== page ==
Pressure

Pressure (the symbol: p) is the ratio of force to the area over which that force is distributed. In other words, pressure is force per unit area applied in a direction perpendicular to the surface of an object. Gauge pressure (also spelled gage pressure) is the pressure relative to the local atmospheric or ambient pressure. While pressure may be measured in any unit of force divided by any unit of area, the SI unit of pressure (the newton per square metre) is called the pascal (Pa) after the seventeenth-century philosopher and scientist Blaise Pascal. A pressure of 1 Pa is small; it approximately equals the pressure exerted by a dollar bill resting flat on a table. Everyday pressures are often stated in kilopascals (1 kPa = 1000 Pa).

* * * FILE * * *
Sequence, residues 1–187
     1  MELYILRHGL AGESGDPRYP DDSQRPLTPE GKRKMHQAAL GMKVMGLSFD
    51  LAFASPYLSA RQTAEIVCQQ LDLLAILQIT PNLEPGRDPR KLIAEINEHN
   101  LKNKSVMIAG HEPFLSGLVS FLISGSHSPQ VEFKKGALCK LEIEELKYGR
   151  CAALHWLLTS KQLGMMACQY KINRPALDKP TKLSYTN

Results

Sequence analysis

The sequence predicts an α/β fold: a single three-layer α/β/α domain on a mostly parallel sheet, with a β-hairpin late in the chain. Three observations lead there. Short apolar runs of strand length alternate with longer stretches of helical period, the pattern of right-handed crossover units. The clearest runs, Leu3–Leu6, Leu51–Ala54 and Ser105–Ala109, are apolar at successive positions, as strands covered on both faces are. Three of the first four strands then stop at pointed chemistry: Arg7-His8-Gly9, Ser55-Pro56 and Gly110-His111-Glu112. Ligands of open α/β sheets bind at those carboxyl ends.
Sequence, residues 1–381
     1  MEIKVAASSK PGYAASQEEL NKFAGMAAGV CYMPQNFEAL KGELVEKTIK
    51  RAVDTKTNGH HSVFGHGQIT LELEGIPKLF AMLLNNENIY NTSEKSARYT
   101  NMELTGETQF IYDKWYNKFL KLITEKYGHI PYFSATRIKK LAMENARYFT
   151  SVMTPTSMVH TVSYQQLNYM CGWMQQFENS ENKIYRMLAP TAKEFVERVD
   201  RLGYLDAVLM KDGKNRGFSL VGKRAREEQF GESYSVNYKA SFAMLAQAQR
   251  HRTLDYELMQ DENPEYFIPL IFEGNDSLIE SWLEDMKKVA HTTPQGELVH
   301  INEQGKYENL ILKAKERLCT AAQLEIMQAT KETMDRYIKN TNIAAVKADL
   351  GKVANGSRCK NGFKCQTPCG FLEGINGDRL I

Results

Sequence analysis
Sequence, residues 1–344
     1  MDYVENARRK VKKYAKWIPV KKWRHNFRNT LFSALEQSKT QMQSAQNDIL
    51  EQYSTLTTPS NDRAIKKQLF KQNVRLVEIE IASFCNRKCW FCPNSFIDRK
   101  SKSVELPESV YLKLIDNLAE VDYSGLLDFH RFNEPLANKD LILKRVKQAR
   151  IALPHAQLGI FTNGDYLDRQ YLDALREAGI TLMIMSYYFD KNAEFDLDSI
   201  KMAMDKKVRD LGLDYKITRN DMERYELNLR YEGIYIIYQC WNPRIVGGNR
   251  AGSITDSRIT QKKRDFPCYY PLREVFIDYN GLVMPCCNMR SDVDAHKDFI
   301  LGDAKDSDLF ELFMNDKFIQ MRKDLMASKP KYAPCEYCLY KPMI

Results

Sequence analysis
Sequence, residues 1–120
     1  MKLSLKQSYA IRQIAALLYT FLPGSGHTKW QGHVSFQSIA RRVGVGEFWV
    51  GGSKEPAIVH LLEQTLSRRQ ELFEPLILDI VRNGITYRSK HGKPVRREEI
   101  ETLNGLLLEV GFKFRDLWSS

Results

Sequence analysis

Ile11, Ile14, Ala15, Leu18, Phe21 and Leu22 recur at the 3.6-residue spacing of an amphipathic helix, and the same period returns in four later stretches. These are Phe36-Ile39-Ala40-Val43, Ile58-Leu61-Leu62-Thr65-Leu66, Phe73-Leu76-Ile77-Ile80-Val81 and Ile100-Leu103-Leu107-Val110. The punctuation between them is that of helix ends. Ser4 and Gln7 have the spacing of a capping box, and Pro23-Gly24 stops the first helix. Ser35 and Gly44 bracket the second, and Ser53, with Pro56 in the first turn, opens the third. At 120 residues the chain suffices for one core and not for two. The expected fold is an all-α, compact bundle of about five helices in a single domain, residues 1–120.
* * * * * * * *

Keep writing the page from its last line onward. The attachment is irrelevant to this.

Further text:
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Famous quotes containing the word pressure:

    By school age, many boys experience pressure to reveal inner feelings as humiliating. They think their mothers are saying to them, “You must be hiding something shameful.” And shucking clams is a snap compared to prying secrets out of a boy who’s decided to “clam up.”
    Ron Taffel (20th century)

    Osteopath—One who argues that all human ills are caused by the pressure of hard bone upon soft tissue. The proof of his theory is to be found in the heads of those who believe it.
    —H.L. (Henry Lewis)

    We believe that civilization has been created under the pressure of the exigencies of life at the cost of satisfaction of the instincts.
    Sigmund Freud (1856–1939)